Perkin never meant to kickstart the search for the Techelet. Working in a makeshift lab on top of his East London home, the 15-year-old chemist was originally intent on finding a way to extract quinine (the anti-inflammatory additive in tonic water) from coal tar (a liquid byproduct of coal). But when he mistakenly mixed his extraction with alcohol, he found that the solution turned a vibrant shade of purple. The color he described was brighter and richer than any color he'd ever seen. With the help of his colleagues at the Royal College of Chemistry, Perkin realized that he had accidentally invented the first artificial dye.
As it happened, Perkin's invention inspired countless scientists to begin color experimentations of their own. A lot of those scientists were Jewish, and many were searching for the Techelet. In 1880, a rabbi from Poland named Gershon Hanoch Leiner came to the conclusion that the hilazon was a certain species of squid. He even succeeded in making a deep blue pigment from squid ink by adding iron filings to the mixture. His color very closely resembled the Techelet, and the mystery appeared to be solved. Using Leiner's findings, Jews the world over immediately went back to wearing blue fringes in their tzitzit. But the practice didn't last long.
Twenty years later, a Jewish chemistry student at London University began experimenting with Leiner's squid-based dye. What he found was that he could recreate the same deep blue pigment in his laboratory - without the squid. This proved that Leiner's special blue dye came primarily from the iron fillings. Since the squid was unnecessary, it could safely be ruled out as the hilazon. The search for the Techelet was far from over. (By the way, the Jewish chemist who made that discovery was Isaac Herzog, who later went on to become the first Chief Rabbi of the State of Israel. His son, Chaim, would become the country's sixth president.)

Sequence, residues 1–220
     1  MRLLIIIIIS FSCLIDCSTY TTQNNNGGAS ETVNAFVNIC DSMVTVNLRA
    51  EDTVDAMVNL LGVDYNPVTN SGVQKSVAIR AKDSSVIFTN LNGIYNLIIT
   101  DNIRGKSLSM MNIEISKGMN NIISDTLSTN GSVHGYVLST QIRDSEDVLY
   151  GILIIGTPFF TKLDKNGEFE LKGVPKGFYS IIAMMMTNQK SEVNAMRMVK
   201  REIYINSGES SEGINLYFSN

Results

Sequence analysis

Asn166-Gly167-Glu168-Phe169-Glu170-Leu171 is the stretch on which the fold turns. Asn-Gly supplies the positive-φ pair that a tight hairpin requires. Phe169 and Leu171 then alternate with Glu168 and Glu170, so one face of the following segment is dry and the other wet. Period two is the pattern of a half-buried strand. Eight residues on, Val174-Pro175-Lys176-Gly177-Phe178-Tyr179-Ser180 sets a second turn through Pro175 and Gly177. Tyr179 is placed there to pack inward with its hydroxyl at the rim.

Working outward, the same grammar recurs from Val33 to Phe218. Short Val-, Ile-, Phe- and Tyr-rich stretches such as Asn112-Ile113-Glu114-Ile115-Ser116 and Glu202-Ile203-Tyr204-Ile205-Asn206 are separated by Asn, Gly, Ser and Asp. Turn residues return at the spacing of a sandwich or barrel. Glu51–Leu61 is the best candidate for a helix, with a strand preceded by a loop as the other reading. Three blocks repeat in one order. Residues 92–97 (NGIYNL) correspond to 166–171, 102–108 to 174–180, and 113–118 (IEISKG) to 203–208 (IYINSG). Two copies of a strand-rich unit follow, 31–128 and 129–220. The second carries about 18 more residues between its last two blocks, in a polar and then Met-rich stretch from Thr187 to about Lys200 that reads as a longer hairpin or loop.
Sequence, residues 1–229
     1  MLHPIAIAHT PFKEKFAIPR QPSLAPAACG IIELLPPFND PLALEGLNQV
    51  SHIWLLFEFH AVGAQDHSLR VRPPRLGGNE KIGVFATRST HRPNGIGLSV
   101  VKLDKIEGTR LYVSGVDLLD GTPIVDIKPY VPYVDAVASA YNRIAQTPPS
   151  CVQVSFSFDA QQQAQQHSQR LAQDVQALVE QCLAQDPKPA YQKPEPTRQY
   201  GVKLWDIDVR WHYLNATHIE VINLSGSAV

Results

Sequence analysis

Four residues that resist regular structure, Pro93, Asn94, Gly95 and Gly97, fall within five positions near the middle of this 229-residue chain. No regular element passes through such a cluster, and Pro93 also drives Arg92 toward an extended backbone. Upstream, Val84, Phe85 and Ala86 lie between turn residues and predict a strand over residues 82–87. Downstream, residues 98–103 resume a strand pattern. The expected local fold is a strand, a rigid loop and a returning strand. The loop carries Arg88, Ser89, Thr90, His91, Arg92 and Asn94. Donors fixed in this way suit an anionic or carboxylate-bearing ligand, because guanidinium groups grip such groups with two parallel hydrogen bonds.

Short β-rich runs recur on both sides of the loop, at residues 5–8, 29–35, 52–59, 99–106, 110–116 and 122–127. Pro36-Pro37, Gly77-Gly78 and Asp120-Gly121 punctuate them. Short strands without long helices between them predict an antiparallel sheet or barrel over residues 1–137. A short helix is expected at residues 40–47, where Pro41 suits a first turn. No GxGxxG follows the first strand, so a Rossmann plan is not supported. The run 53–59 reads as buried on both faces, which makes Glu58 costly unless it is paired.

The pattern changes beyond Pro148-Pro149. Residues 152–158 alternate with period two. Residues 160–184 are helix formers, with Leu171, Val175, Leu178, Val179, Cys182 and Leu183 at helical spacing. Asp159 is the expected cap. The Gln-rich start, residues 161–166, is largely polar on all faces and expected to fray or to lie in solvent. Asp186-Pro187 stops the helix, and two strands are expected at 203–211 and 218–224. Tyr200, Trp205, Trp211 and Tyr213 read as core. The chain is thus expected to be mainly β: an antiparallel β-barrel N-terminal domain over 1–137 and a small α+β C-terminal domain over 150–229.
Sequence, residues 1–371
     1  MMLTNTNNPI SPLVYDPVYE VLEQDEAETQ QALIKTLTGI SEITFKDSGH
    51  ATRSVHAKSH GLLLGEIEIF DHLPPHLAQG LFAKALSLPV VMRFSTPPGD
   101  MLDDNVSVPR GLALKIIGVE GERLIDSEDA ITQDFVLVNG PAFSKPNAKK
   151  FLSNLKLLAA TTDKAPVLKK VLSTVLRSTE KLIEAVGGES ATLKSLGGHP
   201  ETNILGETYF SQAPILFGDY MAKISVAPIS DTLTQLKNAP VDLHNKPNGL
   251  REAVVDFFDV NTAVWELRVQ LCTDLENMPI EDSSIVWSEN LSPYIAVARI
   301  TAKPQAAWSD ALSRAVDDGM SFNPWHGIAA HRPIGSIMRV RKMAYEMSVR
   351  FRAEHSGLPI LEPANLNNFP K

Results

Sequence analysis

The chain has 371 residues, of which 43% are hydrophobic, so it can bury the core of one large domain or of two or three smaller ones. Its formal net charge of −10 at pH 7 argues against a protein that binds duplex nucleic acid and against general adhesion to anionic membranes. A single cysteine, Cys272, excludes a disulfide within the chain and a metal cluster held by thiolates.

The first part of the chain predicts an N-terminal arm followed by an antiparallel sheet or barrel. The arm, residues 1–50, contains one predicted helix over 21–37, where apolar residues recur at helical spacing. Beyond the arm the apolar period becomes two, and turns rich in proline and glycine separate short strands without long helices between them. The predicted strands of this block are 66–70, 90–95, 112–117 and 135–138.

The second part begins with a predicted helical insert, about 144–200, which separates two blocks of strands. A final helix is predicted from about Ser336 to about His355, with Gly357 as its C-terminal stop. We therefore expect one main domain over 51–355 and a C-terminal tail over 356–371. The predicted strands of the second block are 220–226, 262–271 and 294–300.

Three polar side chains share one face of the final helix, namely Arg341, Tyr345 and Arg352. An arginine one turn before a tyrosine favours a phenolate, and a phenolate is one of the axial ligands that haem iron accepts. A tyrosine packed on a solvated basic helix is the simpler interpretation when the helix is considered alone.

For the next seven decades, Jewish scientists tried and failed to produce the specific shade of blue described in the Torah. They used various species of shellfish to extract the special blue dye, but nothing worked. Then, in the 1980s, they found a clue: the murex trunculus, a medium-sized sea snail native to the Mediterranean Sea. The murex trunculus produced a special mucus that, when exposed to air, would turn a deep blueish hue. The only problem was that when the murex mucus was left in the lab for a few hours, it would change into a dark shade of purple. It was a close match, but it wasn't the techelet. (Amazingly, the shade of purple produced by the murex turned out to be the long-lost source of "Tyrian purple," which the ancient Phoenicians used to make robes for Greek and European rulers.)
Later, an Israeli chemist named Otto Elsner made an accidental discovery of his own. Working with the murex trunculus in the bright Israeli sun, he discovered that if the murex glands were exposed to sunlight, then the dye they produced was a rich, midnight blue - just like the color described as the Techelet. Elsner's discovery fundamentally changed the search for the hillazot, and is now considered the most likely candidate for the Techelet.
So, what lesson can we learn from this long and colorful history? According to Victoria Finlay, it's this: "Perkins discovery of modern dyes that day in 1856 had - years later - resulted in rediscoveries of how to make two of the oldest, and most revered, colors in the world. As with so many stories in [our] historical paint box, it turns out the old secrets were not lost after all. They were just waiting for someone else to discover them again."
Life's too bright to stop appreciating the colors. What will you rediscover today?